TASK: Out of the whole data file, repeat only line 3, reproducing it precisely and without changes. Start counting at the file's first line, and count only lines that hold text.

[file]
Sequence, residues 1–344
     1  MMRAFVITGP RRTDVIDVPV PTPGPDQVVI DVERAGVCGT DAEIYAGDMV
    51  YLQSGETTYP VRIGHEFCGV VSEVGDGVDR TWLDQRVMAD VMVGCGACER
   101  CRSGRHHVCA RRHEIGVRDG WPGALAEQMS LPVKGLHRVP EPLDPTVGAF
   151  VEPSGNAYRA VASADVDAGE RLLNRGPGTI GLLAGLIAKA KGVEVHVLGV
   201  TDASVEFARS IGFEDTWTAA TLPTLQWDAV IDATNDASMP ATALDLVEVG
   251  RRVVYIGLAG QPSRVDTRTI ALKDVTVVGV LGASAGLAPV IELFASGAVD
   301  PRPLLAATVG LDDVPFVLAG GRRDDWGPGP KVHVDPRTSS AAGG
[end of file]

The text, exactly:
    51  YLQSGETTYP VRIGHEFCGV VSEVGDGVDR TWLDQRVMAD VMVGCGACER